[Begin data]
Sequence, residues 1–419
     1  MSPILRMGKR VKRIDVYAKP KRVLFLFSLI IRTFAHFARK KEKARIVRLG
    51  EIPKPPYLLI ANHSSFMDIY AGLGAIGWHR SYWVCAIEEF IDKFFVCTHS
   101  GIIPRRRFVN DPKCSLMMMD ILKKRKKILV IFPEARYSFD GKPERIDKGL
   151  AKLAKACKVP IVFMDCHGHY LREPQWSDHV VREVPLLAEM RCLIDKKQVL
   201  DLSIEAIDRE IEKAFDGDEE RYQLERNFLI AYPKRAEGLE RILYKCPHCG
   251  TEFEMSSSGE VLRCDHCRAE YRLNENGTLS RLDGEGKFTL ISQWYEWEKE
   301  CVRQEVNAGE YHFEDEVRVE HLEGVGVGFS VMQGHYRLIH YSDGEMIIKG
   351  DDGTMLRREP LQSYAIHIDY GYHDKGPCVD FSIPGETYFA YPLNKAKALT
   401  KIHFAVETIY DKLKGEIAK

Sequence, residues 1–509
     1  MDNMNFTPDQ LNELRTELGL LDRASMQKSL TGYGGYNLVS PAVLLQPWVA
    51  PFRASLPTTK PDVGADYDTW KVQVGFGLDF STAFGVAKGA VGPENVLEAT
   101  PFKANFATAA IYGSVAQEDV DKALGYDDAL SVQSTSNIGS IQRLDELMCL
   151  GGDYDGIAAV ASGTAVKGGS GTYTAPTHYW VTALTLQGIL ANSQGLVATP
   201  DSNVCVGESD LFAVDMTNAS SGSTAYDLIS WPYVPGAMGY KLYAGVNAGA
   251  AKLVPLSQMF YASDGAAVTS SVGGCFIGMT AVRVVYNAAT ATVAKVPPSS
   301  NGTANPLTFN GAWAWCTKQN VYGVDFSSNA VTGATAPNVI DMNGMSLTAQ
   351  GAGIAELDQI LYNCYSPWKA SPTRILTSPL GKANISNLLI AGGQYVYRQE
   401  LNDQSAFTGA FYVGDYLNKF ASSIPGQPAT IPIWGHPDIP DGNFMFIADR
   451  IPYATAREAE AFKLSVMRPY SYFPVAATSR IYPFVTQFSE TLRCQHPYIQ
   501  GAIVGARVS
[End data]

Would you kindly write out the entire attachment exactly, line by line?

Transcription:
Sequence, residues 1–419
     1  MSPILRMGKR VKRIDVYAKP KRVLFLFSLI IRTFAHFARK KEKARIVRLG
    51  EIPKPPYLLI ANHSSFMDIY AGLGAIGWHR SYWVCAIEEF IDKFFVCTHS
   101  GIIPRRRFVN DPKCSLMMMD ILKKRKKILV IFPEARYSFD GKPERIDKGL
   151  AKLAKACKVP IVFMDCHGHY LREPQWSDHV VREVPLLAEM RCLIDKKQVL
   201  DLSIEAIDRE IEKAFDGDEE RYQLERNFLI AYPKRAEGLE RILYKCPHCG
   251  TEFEMSSSGE VLRCDHCRAE YRLNENGTLS RLDGEGKFTL ISQWYEWEKE
   301  CVRQEVNAGE YHFEDEVRVE HLEGVGVGFS VMQGHYRLIH YSDGEMIIKG
   351  DDGTMLRREP LQSYAIHIDY GYHDKGPCVD FSIPGETYFA YPLNKAKALT
   401  KIHFAVETIY DKLKGEIAK

Sequence, residues 1–509
     1  MDNMNFTPDQ LNELRTELGL LDRASMQKSL TGYGGYNLVS PAVLLQPWVA
    51  PFRASLPTTK PDVGADYDTW KVQVGFGLDF STAFGVAKGA VGPENVLEAT
   101  PFKANFATAA IYGSVAQEDV DKALGYDDAL SVQSTSNIGS IQRLDELMCL
   151  GGDYDGIAAV ASGTAVKGGS GTYTAPTHYW VTALTLQGIL ANSQGLVATP
   201  DSNVCVGESD LFAVDMTNAS SGSTAYDLIS WPYVPGAMGY KLYAGVNAGA
   251  AKLVPLSQMF YASDGAAVTS SVGGCFIGMT AVRVVYNAAT ATVAKVPPSS
   301  NGTANPLTFN GAWAWCTKQN VYGVDFSSNA VTGATAPNVI DMNGMSLTAQ
   351  GAGIAELDQI LYNCYSPWKA SPTRILTSPL GKANISNLLI AGGQYVYRQE
   401  LNDQSAFTGA FYVGDYLNKF ASSIPGQPAT IPIWGHPDIP DGNFMFIADR
   451  IPYATAREAE AFKLSVMRPY SYFPVAATSR IYPFVTQFSE TLRCQHPYIQ
   501  GAIVGARVS